The Allen Human Brain Atlas is a multimodal atlas of the human brain that integrates anatomic and microarray-based gene expression information. Microarray sampling sites (~400-1000 sites per brain) were identified by expert anatomists using cytoarchitectural information from multiple histological stains. Sampling site delineations in the high resolution histological images were subsequently mapped into each individual's MR image space to provide 3-D anatomical context. All brains were also registered to MNI space to enable cross-individual comparisons.
From the API, you can:
RNA isolated from each sample area was hybridized to a custom Agilent 8x60k microarray chip to measure gene expression over the transcriptome. All least two different probes were available for 93% of genes. Probes were located on different exons as much as possible when multiple probes were available for a gene. For 60 genes, sets of tiling probes were designed.
Each sampling site was associated to a Structure by expert anatomists using cytoarchitectural information from multiple histological stains. Structures are organized hierarchically into a tree in which children structures are “parts of” their parent structure. Structures are assigned colors that visually emphasize the hierarchical relationships.
See the structure ontology page for more information.
Gene expression data for samples passing quality control are normalized to enable cross-comparison between batches of samples processed at different times or samples belonging to different donors. For more details on microarray data generation and processing see the Microarray whitepapers.
Normalized microarray expression values can be downloaded in several ways:
- From the web application Download page. Each zip file contains the normalized values for all probes and all samples for one donor )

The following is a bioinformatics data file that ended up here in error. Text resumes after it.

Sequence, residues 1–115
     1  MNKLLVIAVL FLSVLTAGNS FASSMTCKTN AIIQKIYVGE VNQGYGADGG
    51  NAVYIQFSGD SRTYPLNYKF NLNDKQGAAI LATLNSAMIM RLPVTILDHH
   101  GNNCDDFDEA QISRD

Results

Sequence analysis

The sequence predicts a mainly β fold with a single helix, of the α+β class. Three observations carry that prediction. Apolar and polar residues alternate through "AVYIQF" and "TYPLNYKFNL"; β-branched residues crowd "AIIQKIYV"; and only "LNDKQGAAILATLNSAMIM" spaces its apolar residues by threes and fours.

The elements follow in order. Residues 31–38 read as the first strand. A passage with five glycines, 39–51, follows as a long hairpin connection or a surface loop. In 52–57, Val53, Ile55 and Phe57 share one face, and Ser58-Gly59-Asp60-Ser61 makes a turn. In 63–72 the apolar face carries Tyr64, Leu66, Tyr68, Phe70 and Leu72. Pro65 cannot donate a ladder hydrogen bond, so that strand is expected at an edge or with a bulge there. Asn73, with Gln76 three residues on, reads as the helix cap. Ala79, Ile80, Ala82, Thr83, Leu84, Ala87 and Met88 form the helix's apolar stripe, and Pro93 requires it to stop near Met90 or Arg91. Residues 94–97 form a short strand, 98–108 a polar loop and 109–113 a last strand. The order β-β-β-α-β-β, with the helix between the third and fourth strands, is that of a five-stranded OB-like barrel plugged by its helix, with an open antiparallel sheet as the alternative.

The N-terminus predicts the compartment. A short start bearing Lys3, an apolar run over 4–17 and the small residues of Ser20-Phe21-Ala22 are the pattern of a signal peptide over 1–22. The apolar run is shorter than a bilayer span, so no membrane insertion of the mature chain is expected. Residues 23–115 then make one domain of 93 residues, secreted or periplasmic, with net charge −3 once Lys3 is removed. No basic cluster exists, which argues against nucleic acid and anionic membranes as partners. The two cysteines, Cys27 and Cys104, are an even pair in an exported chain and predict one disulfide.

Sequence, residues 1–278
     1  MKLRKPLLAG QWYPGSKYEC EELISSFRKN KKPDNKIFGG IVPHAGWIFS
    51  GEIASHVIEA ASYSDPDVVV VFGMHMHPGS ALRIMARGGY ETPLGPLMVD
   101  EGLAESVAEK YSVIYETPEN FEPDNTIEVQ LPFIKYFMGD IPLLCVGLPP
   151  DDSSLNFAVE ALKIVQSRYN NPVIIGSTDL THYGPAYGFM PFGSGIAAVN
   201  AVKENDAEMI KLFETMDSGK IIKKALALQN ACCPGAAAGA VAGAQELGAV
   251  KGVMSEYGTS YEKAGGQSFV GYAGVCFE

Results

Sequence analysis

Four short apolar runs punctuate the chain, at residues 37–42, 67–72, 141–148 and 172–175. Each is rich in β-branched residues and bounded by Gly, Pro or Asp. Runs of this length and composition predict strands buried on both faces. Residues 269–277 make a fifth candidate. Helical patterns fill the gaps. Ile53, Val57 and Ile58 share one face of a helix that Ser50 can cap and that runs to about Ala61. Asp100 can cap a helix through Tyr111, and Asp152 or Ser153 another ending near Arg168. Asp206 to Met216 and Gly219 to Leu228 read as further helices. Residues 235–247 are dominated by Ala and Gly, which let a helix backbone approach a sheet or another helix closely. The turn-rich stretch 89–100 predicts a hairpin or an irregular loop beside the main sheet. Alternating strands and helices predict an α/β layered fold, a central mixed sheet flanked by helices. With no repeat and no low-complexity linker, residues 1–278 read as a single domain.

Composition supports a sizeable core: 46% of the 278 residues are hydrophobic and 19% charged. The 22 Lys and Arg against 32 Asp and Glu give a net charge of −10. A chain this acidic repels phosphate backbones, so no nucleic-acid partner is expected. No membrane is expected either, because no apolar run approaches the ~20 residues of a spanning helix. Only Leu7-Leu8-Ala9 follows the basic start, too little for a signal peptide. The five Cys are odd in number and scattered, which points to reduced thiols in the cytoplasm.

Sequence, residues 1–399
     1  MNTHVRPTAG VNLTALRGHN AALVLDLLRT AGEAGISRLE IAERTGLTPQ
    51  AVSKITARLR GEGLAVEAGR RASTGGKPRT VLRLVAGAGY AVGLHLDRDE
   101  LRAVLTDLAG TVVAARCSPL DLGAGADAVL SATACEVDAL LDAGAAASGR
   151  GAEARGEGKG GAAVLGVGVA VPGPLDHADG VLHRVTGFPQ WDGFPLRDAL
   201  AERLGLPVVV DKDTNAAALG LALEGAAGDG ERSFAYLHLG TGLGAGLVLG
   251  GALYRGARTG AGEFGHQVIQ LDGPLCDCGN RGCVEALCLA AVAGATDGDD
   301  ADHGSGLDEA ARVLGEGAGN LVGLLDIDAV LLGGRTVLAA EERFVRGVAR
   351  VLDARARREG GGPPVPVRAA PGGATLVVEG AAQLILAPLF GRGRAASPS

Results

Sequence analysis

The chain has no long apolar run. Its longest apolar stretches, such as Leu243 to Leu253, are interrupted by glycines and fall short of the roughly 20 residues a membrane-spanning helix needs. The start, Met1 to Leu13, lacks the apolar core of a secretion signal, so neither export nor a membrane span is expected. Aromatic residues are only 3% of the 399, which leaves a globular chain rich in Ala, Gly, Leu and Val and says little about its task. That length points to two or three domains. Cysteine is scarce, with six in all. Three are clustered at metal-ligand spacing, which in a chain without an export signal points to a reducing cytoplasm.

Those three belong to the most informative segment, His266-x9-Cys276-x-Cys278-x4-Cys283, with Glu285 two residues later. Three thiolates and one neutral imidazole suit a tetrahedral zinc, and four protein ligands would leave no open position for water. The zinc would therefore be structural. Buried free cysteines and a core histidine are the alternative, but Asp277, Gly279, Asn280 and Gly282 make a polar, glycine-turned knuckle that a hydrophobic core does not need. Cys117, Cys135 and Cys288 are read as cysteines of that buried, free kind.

- From the "Download this data" link below the heatmap in the web application.
- From the connected data service in the API
All experimental data from this study is associated with the "Human Brain Microarray" Product. All probe and sampling site information can be accessed through the API using RMA queries.
- All donors in the Product
- All sampling sites in the Product
- All microarray probes in the Product
- All microarray probes associated with gene prodynorhphin (PDYN)
- All samples associated with donor "H0351.2001" and the dentate gyrus
- Download an "raw" Aglient output file for one sample using the download-link (warning: large file)
RNA-Sequencing (RNA-Seq) data were generated for a selected set of 240 samples (120 from each brain) representing matched cortical and sub-cortical regions across two brains (H0351.2001 and H0351.2002). The gene expression data (both raw and TPM counts) can be downloaded from the web application Download page.
Through a quantitative comparison of microarray and RNA-Seq data, a set of quality control metrics has been computed for each Agilent microarray probe which allows a user to filter out problematic probes or choose the most reliable probe for each gene. The probe metric table and metadata can be downloaded here.
Normalized expression values can be obtained by specifying:
- a list of probes
- a list of donors (optional), and
- a list of structures (optional)
See the connected service page for definitions of service::human_microarray_expression parameters.
Download expression values for donor "H0351.1015" in structure "locus ceruleus" for all probes associated with gene SLC6A.
- Find Donor ID for "H0351.1015" (id = 15496)
- Find Structure ID for "locus ceruleus" (id = 9148)
- Find Probes associated with gene SLC6A2 (id = 1023146,1023147 )
- Use Donor, Structure and Probe IDs as parameters to the connected service
The output of the service is two top level ordered arrays "probes" and "samples". For example:
Each probe contains information about:
- the Probe(id, name), and
- the Gene (id, acronym, name, entrez-id), along with
- a vector of normalized expression values in the same order as the "samples" array.
- a vector of z-score values in the same order as the "samples" array. Note: z-score is computed independently for each probe over all donors and samples.